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At WonderCon 2014, Fanboy Comics' Bryant Dillon chats with artist Cliff Chiang about his work on Wonder Women, what he would want in a Wonder Woman flick, and more.

I have always had a fondness for Iron Fist, as he was one of my brother's favorite superheroes when we were growing up. I was somewhat excited when Marvel Comics announced that an Iron Fist monthly would be part of their new Marvel NOW! revamp or relaunch or whatever you want to call it, but not nearly as excited as I was that one of my favorite artists, Kaare Andrews, would be both writing and handling the art chores on the new series.  I have been a fan of Kaare's work since Ultimate X-Men and enjoyed his runs on Astonishing X-Men, Spider-Man: Reign, and anything else he has put his artistic stamp on, like the iconic covers he did for The Incredible Hulk and Amazing Spider-Man. Clearly, Kaare has a great love of comics; he took a brief hiatus to direct the film Cabin Fever: Patient Zero and returned to comics afterward (Praise Baby Jesus!), and it shows in the amazing storytelling in his first issue of Iron Fist: Living Weapon

Kaare was kind enough to participate in the following interview.

The following is an interview with Victoria Jaczko, the winner of Paizo's 2014 RPG Superstar contest. In this interview, Fanboy Comics Senior Contributor Kristine Chester chats with Jaczko about how she got her start in the world of gaming, details about her adventure model (The Daughters of Fury), and her feelings on the prevailing attitudes towards gender in gaming.

This interview was conducted on April 15, 2014.

The following is an interview with the writer Aubrey Sitterson, illustrator Chris Moreno, and Roddenberry Entertainment’s Trevor Roth, which is the creative time behind the superhero graphic novel WORTH, which was released today through ComiXology. In this interview, Fanboy Comics Managing Editor Barbra Dillon chats with Sitterson, Moreno, and Roth regarding the inspiration for the graphic novel, how it stands out from other caped crusader tales, and what is up next for the graphic novel.

This interview was conducted on April 11, 2014.

“You hit me! Picard never hit me.”
“I’m not Picard.”
     -- Q and Commander Sisko


Just in case you have no idea who the Star Trek universe’s Q is, I’ll explain.  First, though, how’d you end up here?  Are you lost?  Wait here and I’ll go and get a police officer to take you home, and, for the last time, stop mixing your medication with scotch.  Anyway, Q is a godlike alien being who walks the line between mischievous and malevolent and takes special delight in bothering Captain Picard.  As played by John de Lancie, Q is one of the more popular and recognizable elements of the twenty-year period of Trek that comprises TNG, DS9, and Voyager.  Me, I’ve never cared for Q.  Nothing against de Lancie or the writing, I just prefer my godlike aliens to be more strange and less preteen-who-really-could-use-his-Ritalin.  It might be because I look at Q as the physical representation of the Trek brass (a.k.a. Rick Berman and Brannon Braga).  Wherever their attention is, like the Eye of Sauron, Q will soon appear, bringing his special brand of malicious whimsy.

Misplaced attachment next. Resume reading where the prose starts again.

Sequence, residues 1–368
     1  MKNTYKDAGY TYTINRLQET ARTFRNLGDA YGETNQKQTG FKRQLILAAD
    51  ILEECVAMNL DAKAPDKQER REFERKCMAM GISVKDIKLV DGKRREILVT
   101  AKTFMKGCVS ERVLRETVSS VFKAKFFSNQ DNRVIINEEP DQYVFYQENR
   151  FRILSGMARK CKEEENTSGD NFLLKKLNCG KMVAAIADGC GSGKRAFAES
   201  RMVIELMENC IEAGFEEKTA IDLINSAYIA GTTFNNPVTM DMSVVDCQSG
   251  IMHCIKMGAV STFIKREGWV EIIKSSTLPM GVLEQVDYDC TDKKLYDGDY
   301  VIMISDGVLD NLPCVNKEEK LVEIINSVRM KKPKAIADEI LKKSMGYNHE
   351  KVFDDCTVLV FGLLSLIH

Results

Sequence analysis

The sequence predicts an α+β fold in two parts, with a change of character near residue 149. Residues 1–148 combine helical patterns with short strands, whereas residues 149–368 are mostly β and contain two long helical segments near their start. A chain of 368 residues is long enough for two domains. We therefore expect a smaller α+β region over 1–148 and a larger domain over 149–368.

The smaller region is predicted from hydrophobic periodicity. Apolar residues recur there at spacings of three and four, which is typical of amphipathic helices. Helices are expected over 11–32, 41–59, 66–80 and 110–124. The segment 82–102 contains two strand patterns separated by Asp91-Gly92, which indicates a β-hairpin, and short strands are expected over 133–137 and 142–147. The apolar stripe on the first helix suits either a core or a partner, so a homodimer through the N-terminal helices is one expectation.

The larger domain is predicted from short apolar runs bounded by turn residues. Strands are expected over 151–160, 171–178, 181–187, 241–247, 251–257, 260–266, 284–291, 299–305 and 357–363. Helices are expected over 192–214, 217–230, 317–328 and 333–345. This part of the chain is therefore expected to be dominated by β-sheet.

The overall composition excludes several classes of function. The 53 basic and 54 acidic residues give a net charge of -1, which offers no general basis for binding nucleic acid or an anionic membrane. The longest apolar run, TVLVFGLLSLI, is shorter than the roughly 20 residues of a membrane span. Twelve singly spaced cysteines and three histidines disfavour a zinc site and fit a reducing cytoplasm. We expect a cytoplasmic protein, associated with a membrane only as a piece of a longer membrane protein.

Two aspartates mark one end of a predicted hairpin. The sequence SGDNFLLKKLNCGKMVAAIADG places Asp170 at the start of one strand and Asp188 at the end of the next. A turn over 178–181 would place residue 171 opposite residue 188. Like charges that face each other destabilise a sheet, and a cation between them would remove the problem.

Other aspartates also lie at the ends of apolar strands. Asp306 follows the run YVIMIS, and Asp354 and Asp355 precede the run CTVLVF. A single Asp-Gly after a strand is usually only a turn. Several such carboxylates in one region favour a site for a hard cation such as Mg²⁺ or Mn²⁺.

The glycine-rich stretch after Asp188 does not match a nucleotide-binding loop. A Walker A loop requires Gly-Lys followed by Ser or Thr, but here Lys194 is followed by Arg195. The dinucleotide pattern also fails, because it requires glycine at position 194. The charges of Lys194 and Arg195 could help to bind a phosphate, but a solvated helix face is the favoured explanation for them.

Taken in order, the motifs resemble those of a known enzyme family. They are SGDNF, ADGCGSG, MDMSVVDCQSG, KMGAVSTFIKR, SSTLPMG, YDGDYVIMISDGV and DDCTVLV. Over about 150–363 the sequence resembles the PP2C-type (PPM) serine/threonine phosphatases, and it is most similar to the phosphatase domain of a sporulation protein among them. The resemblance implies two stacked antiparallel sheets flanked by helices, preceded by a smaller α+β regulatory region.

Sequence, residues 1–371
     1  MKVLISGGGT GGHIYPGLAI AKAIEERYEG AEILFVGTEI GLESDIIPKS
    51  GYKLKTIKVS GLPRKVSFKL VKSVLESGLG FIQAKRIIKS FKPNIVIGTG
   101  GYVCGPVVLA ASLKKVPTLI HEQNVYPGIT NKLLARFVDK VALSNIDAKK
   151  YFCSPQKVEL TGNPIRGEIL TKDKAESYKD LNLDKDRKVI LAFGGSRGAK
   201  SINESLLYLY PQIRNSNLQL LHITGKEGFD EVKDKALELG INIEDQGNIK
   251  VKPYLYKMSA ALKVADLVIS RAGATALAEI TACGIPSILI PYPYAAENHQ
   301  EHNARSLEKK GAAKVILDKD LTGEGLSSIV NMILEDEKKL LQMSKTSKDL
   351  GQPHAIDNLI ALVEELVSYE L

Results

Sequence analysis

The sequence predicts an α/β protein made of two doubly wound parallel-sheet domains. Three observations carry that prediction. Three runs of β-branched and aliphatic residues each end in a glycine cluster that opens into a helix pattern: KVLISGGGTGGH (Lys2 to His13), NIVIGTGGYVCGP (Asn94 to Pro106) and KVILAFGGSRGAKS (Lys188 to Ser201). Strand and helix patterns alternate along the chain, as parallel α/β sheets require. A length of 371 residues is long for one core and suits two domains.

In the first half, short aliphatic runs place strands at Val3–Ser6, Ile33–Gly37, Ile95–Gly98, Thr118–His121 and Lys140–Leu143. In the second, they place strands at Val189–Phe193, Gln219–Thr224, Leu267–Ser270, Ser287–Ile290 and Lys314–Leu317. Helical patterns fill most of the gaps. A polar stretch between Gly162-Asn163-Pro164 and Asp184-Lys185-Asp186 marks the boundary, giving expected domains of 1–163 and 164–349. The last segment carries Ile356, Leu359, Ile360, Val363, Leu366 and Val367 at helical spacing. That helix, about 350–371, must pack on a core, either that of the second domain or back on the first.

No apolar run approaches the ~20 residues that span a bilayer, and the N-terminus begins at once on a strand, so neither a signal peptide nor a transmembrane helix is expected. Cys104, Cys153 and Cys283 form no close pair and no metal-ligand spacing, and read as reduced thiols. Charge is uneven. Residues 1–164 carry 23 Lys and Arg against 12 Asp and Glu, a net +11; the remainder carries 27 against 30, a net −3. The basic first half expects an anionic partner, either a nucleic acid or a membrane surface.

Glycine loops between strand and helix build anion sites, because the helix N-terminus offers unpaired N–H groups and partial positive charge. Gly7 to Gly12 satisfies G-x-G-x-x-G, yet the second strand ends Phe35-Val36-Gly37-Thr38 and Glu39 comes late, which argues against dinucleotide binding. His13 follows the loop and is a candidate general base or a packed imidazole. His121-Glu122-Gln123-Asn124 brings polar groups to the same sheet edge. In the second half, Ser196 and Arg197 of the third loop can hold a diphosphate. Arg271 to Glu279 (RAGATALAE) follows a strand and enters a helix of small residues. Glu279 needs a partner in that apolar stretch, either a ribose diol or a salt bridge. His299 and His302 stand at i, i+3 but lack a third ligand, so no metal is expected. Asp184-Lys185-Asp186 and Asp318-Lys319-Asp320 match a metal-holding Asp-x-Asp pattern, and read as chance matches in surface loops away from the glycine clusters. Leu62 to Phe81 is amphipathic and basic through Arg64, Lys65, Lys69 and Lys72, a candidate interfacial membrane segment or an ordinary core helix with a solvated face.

The following is an interview with comic book writer Tom Pinchuk (Hybrid Bastards!, Unimaginable), the author of the all-ages comic book Max Steel: Volume 3, which is the official comic book version of the Mattel animated series. In this interview, Fanboy Comics Managing Editor Barbra Dillon chats with Pinchuk about what first intrigued him about the series, how writing for animation prepared him for the project, and what fans can anticipate for Max Steel in the third installment.

This interview was conducted on April 9, 2014.

You've got to love a book that includes the tagline, "Get in on the ground floor of Marvel's next big franchise."  To be honest, it's hard to get excited about anything "new" and/or "big" from either of the Big 2. DC New 52, Marvel Now? Yawn. But, when Joe "Freakin'" Maduriera is drawing The Inhumans, you show up to the party.

MINOR SPOILERS BELOW

“Die with honor, O’Brien.”  -- Tosk

From the very beginning, the Gamma Quadrant was DS9‘s most tantalizing promise.  An entire sector of unexplored space, in which anything could be waiting. In the early going, it was pretty clear that the show wasn’t quite sure how to fulfill that promise.  By the second season, the team of writers led by Ira Steven Behr would surpass it, but, for the time being, it was to be used for the kinds of episodes more suited to TNG.  Just instead of going to the new life and new civilizations, they would have to come through the wormhole to the cast. 

What do you get when you combine time travel, comedy, and epic sword fights? You get Pike and Trident, an action/sci-fi/comedy web series from producers/actors Kim Turney and Patty Jean Robinson, which is currently holding an Indiegogo campaign to raise the necessary funds to produce their new episode.

Filmmakers (and comic strip lovers) Dave Kellett and Frederick Schroeder recently sat down with FBC Managing Editor Barbra Dillon to discuss their film, STRIPPED, which brings together the world's best cartoonists to talk about the art form they love and what happens to it as newsprint fades away. The film premiered on March 26th, 2014, in Hollywood, CA, to an exuberant crowd, and it skyrocketed to #1 in the Documentaries section of iTunes on the first day of its launch. Co-directors Kellett and Schroeder were very kind to chat with Fanboy Comics again following the release of their film to discuss its continuing and overwhelming success, their experiences at the premiere, and where the film will go from here.

This interview was conducted on April 3, 2014.

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